Was kind of surprised to see it not in this mix being you can get one for ~$200 http://www.newegg.com/Product/Product.asp?item=N82...">Sapphire x1800xt - OEM (Retail is 250ish)

    I assume it runs faster then the 1800GTO, but how does it rank with the 7800GT and 7900GT?
  • mpc7488 - Thursday, August 10, 2006 - link


    but with the recent price cuts pushing the X1900 GT down to about $230, the added performance gain of the 7900 GT might not be worth the money in this case

    The 7900GT is consistently around $240 after rebates. There are 3 cards at that price from 3 different manufacturers at Newegg right now (eVGA, XFX, and MSI). In fact, the overclocked version (520 core/1540 memory) is $244.

    Maybe rebates aren't really looked at in the price engine, but the fact remains that you can easily find a 7900GT for under $250.
  • DerekWilson - Thursday, August 10, 2006 - link

    Good point. We didn't include rebates as they can change without warning, not everyone follows through on them, and they take some time to recieve.

    But, obviously, they can make a difference. I'll add a bit to the conclusion about it.

  • rcc - Monday, August 14, 2006 - link

    For my past sins I did a brief stint at Fry's Electronics. Only 5% of customers send in rebates and follow up. The stores count on this.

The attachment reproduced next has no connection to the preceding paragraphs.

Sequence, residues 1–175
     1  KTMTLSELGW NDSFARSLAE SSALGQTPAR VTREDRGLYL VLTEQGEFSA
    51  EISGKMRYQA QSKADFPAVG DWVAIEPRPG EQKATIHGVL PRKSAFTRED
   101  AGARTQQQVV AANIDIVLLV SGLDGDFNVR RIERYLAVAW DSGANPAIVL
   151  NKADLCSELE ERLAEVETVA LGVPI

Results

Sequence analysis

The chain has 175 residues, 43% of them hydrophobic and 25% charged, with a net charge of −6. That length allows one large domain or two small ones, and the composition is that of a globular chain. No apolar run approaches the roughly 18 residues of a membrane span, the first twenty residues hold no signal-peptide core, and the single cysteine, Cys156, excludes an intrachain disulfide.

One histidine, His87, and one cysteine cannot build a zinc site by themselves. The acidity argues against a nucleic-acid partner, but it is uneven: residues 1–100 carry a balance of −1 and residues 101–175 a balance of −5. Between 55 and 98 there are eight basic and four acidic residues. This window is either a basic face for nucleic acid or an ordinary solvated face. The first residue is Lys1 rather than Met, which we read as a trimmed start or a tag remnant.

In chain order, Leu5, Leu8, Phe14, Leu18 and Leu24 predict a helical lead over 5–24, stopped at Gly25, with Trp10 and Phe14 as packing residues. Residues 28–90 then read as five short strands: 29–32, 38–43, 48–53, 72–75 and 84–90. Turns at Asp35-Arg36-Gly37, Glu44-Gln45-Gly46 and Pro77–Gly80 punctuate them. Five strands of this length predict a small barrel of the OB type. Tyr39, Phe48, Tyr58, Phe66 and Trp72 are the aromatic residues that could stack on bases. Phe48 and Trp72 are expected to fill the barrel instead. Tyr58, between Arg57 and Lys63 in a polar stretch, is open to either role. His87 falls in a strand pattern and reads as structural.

So, I think I'd ignore them too. Unless just to note that rebates may be available on some items, but that pretty much applies to anything at any time.

  • Josh7289 - Thursday, August 10, 2006 - link

    On Page 5, Black and White 2 Performance, this is written:


    But with cards like the 6600 GT, 6800 GT, X800 GTO and X1600 XT, the game would look much better if some settings were turned down in favor of enabling some antialiasing or a higher resolution.

    Obviously, "6800 GT" should be "6800 GS". ;)
  • DerekWilson - Thursday, August 10, 2006 - link

    Obviously :-) Reply
  • Nelsieus - Thursday, August 10, 2006 - link

    It was probably really hard making final conclusions as you noted (with price cuts and factory OCs, etc), but I think overall, you came up with some excellent choices. The review was very fair and balanced, indepth, and overall covered all the basis.

    Another great article, Derek. Thanks for keeping an eye out for us midrange buyers. :)
  • saiku - Thursday, August 10, 2006 - link

    amen, thanks for remembering the guys in the "middle". Reply
  • DerekWilson - Thursday, August 10, 2006 - link

    Thanks! We did want to do even more with it, but we were afraid if we worked any longer on it we'd have to deal with another price cut before it got published :-) Reply
  • Josh7289 - Thursday, August 10, 2006 - link

    I have a question. When looking at performance for games at 1600x1200 no AA, could I compare that to what I would get with 1280x1024 with AA on? Thanks. Reply
  • Gigahertz19 - Thursday, August 10, 2006 - link

    You overclock the 7900 GT and it gets a great boost in performance. I would like to know how well the X1900 XT overclocks?

    I think you should have overclocked the Top Midrange ATI X1900 XT and see how well it could outperfrom an overclocked 7900GT or a stock 7900 GTX....

    or maybe compared an overclocked 7900 GT to a stock clock 7900 GTX then compare an overclocked ATI X1900 XT to a stock clock ATI X1900 XTX.